Nose: yellow fruit. Clean and fresh. Nothing to say that it's a ten year old wine. Tangy. Citrus and pineapples. Under-ripe honeydew melon rind.
Palate: there is some evolution, but it still feels pretty fresh. Very tangy and tart. Real yellow fruit character, along with a light body.
Conclusion: this is a lovely wine, and distinctively different - I've never encountered that pineapple note in any other champagne. And, as with many wines from the Côte de Bar, it's very good value for money.
Three grape varieties, Pinot Noir, Pinot Meunier, and Chardonnay, account for nearly all of the production in Champagne, but (of course!) things are a little more complicated than that.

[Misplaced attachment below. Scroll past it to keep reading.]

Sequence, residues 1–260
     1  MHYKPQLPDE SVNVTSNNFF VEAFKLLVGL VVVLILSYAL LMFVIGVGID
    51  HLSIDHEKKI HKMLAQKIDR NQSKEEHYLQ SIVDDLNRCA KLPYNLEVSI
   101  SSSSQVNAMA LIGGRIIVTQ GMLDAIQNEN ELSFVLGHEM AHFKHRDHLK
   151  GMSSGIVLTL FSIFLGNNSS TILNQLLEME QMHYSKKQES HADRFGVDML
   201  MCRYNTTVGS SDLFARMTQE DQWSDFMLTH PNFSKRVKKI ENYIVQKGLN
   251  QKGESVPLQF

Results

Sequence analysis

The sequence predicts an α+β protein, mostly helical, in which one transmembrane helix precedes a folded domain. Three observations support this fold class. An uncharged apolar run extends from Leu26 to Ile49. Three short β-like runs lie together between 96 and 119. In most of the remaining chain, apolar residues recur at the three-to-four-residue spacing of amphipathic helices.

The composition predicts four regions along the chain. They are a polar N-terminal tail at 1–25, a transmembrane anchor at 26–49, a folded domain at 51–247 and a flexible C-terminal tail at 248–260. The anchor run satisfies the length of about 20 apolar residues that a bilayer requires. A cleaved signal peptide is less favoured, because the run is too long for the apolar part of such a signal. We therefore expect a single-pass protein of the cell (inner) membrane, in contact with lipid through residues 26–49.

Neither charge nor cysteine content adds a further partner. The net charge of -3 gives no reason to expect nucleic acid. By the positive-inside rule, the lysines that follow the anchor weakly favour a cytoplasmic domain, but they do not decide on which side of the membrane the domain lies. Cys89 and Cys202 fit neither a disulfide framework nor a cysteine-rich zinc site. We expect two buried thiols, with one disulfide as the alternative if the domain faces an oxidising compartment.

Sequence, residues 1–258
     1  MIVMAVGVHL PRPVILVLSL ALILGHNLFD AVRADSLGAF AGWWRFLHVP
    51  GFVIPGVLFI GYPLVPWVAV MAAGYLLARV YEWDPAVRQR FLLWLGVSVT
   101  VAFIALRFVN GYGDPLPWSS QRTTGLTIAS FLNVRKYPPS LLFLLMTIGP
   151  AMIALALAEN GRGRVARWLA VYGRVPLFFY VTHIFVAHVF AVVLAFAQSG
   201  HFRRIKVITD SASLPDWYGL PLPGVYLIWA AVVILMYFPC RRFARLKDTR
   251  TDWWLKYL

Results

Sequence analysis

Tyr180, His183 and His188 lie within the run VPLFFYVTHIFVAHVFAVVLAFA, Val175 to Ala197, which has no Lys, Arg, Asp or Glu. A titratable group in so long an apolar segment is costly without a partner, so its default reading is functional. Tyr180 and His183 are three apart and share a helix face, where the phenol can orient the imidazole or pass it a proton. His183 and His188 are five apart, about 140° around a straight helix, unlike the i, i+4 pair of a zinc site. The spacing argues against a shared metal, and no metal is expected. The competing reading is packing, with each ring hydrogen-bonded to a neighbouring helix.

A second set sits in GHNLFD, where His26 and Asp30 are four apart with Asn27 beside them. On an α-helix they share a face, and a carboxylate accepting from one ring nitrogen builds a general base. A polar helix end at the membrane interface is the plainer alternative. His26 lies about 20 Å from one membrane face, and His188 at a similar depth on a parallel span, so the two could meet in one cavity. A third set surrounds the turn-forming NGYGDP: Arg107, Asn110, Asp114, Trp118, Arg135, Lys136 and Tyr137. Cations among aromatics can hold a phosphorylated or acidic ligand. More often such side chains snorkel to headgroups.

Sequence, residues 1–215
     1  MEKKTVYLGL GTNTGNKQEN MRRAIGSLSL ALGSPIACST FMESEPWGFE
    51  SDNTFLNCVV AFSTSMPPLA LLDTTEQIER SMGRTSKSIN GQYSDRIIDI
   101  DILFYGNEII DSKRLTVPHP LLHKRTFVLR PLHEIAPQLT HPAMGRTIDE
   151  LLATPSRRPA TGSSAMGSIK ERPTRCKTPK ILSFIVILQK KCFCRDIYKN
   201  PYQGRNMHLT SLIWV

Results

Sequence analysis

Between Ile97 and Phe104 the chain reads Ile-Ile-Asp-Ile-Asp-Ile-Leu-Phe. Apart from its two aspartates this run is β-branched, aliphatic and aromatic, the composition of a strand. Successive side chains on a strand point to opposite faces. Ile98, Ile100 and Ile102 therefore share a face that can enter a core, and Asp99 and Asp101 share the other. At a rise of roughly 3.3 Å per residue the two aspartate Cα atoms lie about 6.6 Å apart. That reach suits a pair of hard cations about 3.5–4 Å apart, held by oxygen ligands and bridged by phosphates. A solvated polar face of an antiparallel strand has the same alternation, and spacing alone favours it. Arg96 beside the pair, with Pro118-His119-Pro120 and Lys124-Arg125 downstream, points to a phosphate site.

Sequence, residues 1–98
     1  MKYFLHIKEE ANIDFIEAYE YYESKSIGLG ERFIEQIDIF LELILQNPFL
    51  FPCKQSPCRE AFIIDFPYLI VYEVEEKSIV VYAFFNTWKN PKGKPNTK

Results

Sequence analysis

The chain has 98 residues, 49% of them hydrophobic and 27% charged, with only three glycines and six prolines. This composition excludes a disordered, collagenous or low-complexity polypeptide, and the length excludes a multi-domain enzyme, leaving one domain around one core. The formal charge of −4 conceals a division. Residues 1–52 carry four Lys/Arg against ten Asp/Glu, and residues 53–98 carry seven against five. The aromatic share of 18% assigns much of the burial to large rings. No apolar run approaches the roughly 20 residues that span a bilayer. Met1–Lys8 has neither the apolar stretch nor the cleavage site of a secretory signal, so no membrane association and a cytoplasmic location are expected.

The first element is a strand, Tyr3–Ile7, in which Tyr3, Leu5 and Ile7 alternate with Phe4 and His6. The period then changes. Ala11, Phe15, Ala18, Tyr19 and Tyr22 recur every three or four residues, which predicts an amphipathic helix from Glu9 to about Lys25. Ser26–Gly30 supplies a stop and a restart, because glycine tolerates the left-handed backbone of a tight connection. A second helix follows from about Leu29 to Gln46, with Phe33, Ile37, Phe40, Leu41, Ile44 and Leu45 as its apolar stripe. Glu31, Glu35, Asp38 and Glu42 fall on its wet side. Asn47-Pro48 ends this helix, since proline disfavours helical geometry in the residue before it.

Besides the more than 30,000 hectares devoted to the big three, there are a few hectares (less than a hundred, I believe) given over to Pinot Blanc, Pinot Gris, Arbane, and Petit Meslier. Producers such as Drappier, Moutard, and Chassenay d'Arce turn out small quantities of these unusual wines, but they are not easy to find.
And for the truly pedantic among us, the Champagne appellation law of 1919 can be read as meaning that all members of the Pinot family may be used for Champagne, which seems to me like the perfect excuse for some bolshie Brit to go over there and make fizz using Viognier and Aligoté.